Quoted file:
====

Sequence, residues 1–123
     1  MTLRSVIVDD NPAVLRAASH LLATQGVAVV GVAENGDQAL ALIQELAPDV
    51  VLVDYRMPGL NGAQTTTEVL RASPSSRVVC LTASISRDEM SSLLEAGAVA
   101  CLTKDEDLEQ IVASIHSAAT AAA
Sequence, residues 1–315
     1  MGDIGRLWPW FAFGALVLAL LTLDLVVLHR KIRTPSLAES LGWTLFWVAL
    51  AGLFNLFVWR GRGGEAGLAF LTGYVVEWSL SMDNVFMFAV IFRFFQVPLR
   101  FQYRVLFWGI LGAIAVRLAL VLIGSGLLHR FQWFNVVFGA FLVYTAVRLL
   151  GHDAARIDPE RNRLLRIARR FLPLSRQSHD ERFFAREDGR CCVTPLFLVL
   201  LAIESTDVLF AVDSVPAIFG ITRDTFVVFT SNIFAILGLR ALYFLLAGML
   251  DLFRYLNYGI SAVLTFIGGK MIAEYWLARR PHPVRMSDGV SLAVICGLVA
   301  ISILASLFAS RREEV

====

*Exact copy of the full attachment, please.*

Sequence, residues 1–123
     1  MTLRSVIVDD NPAVLRAASH LLATQGVAVV GVAENGDQAL ALIQELAPDV
    51  VLVDYRMPGL NGAQTTTEVL RASPSSRVVC LTASISRDEM SSLLEAGAVA
   101  CLTKDEDLEQ IVASIHSAAT AAA
Sequence, residues 1–315
     1  MGDIGRLWPW FAFGALVLAL LTLDLVVLHR KIRTPSLAES LGWTLFWVAL
    51  AGLFNLFVWR GRGGEAGLAF LTGYVVEWSL SMDNVFMFAV IFRFFQVPLR
   101  FQYRVLFWGI LGAIAVRLAL VLIGSGLLHR FQWFNVVFGA FLVYTAVRLL
   151  GHDAARIDPE RNRLLRIARR FLPLSRQSHD ERFFAREDGR CCVTPLFLVL
   201  LAIESTDVLF AVDSVPAIFG ITRDTFVVFT SNIFAILGLR ALYFLLAGML
   251  DLFRYLNYGI SAVLTFIGGK MIAEYWLARR PHPVRMSDGV SLAVICGLVA
   301  ISILASLFAS RREEV